“Gary watched,” Lee said. “He just stood there and watched. And he held her down.”

In the third phone call, she vents to Boatman about their little brother cooperating with police — and pinning the motive on the eviction.

“Gary throw all this (expletive) on me,” Lee says. “You mean to tell me, I been letting you live in my house and then you going to throw this (expletive) on me? ... This is my blood.”

Courtroom spectators were spellbound by the tapes. A few of Jenkins’ family members and friends dabbed away tears. One buried her head in her hands.

At one point, Lee’s mother left the courtroom in a huff. She shot a glare in her daughter’s direction before flinging open the courtroom doors.

Two jurors scribbled furiously as Lee made her admissions. Another closed his notebook and leaned back in his chair.

A female juror tried to stifle tears as Lee repeatedly asked about her 6-year-old daughter and 3-year-old son.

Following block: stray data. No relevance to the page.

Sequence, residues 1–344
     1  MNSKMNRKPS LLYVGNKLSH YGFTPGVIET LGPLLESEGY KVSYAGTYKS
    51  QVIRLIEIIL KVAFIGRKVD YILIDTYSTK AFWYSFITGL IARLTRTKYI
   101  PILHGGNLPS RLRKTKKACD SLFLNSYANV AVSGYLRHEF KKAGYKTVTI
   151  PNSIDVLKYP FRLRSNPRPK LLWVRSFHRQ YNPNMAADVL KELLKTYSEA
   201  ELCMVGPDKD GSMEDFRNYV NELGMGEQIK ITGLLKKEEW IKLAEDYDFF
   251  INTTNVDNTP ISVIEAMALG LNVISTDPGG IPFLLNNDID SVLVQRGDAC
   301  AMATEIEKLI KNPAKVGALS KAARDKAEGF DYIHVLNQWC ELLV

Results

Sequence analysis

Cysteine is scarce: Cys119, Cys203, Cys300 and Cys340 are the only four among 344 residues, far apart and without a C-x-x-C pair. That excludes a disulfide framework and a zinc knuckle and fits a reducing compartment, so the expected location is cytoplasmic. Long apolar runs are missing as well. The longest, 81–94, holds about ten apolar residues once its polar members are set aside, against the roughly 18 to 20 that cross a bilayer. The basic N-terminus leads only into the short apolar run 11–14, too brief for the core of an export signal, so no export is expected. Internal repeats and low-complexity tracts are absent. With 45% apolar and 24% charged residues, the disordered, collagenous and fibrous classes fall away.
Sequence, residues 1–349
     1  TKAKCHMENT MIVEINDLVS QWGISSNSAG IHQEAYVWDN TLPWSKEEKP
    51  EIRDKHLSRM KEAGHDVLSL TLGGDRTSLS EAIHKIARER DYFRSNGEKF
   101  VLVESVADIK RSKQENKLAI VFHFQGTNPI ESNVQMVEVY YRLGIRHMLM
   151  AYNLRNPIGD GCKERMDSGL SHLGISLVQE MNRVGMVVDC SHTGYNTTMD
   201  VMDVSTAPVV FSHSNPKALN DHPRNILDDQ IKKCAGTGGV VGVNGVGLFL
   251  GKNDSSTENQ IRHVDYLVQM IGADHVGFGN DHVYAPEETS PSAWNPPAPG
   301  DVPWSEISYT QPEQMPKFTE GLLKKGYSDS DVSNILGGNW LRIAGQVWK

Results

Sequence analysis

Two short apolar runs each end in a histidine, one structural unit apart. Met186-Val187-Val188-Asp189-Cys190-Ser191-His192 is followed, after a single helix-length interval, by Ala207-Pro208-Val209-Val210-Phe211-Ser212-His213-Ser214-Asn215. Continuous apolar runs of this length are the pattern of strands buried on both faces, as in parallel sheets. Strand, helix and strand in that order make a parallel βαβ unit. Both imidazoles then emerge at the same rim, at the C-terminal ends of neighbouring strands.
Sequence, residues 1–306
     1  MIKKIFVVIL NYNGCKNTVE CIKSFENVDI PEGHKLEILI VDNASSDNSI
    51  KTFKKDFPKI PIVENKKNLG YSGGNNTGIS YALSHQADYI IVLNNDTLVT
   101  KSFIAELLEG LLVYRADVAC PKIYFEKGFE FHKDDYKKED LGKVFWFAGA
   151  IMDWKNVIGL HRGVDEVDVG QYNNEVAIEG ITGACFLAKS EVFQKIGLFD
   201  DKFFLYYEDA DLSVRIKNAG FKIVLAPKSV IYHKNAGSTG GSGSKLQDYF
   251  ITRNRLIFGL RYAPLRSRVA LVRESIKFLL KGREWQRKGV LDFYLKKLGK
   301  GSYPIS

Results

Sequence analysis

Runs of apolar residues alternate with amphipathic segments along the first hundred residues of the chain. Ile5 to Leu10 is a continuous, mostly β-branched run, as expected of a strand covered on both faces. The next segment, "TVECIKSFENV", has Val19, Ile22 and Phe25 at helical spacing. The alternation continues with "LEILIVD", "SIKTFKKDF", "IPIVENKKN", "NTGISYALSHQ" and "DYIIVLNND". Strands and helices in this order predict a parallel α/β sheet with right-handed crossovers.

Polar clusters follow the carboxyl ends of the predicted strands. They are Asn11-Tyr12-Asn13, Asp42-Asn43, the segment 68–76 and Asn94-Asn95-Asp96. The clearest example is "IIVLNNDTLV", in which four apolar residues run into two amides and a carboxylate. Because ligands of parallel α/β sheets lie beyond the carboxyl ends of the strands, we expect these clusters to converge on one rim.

Lee: “Have they asked about me? ... I need to hear them.”

Boatman: “They’re fine. I just told ’em ‘Mom has to take a vacation.’”

Finally, Boatman — who now has custody of the children — puts the daughter on.

“Hi, baby. Hey, baby,” Lee says, her singsong voice muffled by tears. “You take care of your little brother, OK? I love you.”

“I love you too,” her daughter says.

Later, Lee asks about the life sentence she could face for murder.

“They probably are going to try to give you life,” Boatman says. “They might give you 20 years.”

“Well, 20 is a lot better than life,” Lee says. “As long as it’s not forever. As long as I can get out and see the kids.”

She pauses.

“If I could change this, Shawndra, I swear to God I would. I can’t stand being away from my babies.”


Did woman in landlord slaying know right from wrong?

By Todd Cooper - Omaha.cpm

May 2, 2012